The insolvency of Wirecard must be a satisfaction to the journalists and editors of the Financial Times. They have critically reported on the so-called Wirecard House of Cards on the basis of facts since 2016. Because of this investigative reporting, the journalists as well as the Financial Times were confronted with lawsuits and criminal charges. From Wirecard but also from the German regulator BaFin with the German prosecutors as their facilitators.
In view of the Wirecard insolvency and the facts that have become known so far, even the most critical individuals and authorities must give the Financial Times increased credibility when it comes to Wirecard.
Now the Financial Times points out the role of the Wirecard auditor EY. In fact, it is incomprehensible how the Top-4 auditing company could have failed to notice the lack of money (currently €1.9 billion) during his audit for years. Direct talks with the banks in Asia would probably have been sufficient for this. But that obviously did not happen.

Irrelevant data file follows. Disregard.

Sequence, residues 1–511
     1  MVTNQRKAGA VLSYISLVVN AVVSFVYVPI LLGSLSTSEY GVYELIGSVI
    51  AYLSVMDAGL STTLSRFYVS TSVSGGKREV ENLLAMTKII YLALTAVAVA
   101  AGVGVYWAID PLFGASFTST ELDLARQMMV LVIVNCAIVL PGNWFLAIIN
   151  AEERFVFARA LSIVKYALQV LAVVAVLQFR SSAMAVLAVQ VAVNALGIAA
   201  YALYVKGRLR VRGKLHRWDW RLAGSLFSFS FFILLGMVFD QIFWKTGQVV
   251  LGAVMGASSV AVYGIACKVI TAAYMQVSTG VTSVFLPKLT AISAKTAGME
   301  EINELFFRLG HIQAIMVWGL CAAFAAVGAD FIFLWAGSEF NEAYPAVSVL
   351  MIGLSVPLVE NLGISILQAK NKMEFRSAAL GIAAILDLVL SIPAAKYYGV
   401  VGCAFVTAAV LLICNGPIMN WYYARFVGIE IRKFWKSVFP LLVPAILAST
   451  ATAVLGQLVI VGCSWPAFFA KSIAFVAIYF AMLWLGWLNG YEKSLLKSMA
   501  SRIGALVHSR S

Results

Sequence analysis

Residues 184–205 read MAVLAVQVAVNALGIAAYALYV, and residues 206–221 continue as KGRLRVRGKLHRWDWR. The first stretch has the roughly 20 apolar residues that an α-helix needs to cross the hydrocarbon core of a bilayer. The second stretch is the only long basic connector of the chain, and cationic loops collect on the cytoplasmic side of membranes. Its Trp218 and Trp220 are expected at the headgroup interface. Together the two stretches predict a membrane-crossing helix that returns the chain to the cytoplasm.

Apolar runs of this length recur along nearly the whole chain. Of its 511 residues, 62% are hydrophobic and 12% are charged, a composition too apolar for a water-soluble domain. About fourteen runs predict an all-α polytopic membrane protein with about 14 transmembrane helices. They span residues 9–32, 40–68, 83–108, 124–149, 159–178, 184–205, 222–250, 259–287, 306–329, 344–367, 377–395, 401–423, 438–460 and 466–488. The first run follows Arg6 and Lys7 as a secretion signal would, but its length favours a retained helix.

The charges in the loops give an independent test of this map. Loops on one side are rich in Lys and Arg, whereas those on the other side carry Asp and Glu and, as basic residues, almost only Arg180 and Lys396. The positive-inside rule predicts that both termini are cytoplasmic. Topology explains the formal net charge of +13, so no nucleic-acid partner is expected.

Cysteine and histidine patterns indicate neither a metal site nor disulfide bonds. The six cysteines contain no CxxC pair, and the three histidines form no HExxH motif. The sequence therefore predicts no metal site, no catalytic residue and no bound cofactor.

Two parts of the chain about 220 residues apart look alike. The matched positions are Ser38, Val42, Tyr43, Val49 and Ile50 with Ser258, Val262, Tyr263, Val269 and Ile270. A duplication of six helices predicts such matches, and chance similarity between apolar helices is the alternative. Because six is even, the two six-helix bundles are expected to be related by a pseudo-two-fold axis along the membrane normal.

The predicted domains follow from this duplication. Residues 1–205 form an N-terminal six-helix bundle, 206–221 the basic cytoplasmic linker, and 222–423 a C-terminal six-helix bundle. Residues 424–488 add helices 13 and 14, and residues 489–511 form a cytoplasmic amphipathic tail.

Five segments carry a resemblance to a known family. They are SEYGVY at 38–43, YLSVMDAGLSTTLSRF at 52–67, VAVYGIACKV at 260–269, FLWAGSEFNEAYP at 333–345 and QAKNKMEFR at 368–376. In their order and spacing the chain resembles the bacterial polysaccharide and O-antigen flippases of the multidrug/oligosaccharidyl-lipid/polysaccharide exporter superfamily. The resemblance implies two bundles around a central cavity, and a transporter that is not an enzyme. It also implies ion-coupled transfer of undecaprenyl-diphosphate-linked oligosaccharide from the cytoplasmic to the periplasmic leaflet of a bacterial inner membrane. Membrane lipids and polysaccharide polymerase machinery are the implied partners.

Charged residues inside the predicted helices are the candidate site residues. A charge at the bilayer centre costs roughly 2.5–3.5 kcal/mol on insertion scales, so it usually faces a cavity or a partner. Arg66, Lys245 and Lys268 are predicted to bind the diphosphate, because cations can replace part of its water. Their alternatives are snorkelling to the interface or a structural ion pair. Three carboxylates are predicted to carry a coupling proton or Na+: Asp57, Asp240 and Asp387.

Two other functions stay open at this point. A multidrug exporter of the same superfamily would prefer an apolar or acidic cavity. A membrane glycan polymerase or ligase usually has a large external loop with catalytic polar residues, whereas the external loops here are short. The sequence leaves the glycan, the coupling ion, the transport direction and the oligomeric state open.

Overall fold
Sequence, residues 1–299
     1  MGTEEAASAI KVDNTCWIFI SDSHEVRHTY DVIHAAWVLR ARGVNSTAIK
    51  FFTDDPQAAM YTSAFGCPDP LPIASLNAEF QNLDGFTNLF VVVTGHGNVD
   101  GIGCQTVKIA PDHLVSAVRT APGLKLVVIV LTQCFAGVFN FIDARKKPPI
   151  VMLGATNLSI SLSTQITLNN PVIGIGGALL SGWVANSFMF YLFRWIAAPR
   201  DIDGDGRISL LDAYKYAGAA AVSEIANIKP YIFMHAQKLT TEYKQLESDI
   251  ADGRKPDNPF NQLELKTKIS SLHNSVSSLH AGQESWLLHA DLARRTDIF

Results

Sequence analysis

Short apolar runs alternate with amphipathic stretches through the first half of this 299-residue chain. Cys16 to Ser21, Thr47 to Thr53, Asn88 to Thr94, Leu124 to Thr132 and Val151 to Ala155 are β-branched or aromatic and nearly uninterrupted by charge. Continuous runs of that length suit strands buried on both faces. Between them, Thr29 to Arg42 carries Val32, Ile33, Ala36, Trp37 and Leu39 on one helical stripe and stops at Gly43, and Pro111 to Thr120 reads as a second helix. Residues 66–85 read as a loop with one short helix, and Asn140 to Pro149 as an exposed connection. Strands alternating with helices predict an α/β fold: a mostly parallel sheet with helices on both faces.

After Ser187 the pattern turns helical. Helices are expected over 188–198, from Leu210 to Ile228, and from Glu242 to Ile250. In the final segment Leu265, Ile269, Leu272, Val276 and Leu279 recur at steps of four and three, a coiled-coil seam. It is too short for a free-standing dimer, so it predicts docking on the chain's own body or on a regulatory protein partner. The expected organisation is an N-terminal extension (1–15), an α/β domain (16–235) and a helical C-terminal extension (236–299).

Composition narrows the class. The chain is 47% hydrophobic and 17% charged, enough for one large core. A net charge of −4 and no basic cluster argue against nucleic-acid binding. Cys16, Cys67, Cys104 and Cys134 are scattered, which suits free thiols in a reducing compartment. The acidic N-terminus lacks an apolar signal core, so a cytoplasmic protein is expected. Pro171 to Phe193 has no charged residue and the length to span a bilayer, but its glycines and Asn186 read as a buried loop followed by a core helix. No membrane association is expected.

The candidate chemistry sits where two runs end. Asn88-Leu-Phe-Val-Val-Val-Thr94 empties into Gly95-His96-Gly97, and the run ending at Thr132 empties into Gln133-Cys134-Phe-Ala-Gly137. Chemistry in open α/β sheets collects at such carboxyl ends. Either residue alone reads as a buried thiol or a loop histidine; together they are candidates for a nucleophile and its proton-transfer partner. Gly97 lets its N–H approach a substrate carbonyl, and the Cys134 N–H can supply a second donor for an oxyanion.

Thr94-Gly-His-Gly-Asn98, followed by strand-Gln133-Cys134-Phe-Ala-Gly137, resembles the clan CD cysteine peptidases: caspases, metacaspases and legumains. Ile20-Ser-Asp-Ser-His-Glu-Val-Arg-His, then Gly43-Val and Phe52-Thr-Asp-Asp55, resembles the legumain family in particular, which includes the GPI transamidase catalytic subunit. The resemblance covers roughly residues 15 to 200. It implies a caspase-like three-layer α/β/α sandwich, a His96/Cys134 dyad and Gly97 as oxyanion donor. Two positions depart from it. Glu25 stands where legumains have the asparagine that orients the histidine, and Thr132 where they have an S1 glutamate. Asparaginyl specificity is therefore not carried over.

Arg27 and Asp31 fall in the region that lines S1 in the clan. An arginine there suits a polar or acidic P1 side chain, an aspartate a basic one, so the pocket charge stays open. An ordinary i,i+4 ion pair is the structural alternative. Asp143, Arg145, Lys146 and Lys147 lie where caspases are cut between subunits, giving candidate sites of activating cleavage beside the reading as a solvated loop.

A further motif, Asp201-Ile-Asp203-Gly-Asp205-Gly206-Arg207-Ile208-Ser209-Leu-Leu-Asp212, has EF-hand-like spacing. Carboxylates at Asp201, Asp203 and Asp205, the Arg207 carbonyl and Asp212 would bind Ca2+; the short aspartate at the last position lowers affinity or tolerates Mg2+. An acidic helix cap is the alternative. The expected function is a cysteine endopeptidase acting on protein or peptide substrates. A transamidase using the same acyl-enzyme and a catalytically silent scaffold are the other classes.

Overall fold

EY failed for more than three years to request crucial account information from a Singapore bank where Wirecard claimed it had up to €1bn in cash — a routine audit procedure that could have uncovered the vast fraud at the German payments group.FINANCIAL TIMES – EY FAILED TO ASK FOR WIRECARD BANK STATEMENTS FOR 3 YEARS
EY at Wirecard is obviously what Arthur Andersen was at ENRON at that time. Carelessly and/or negligently acting auditors who may actually have facilitated the ongoing fraud on the creditors and shareholders of Wirecard should finally be asked to pay the bill. Although it would be premature to raise concrete accusations, one thing is certain – the role of EY will be just as important in the processing of the Wirecard case as that of the former CEO Markus Braun. As is well known, Arthur Andersen was dissolved in the course of the ENRON scandal. EY does not seem to be that far away from this scenario.
These will be difficult times for EY. Not only that you actually have the Wirecard problem. With a probability bordering on certainty, the German regulator BaFin will also point the finger at EY. Like many investors. And the politicians will not hesitate to blame EY for the loss of confidence in the German capital market. We will probably hear the phrase “Not even EY has noticed that” many more times. In any case, EY will be a rather toxic auditor in the near future.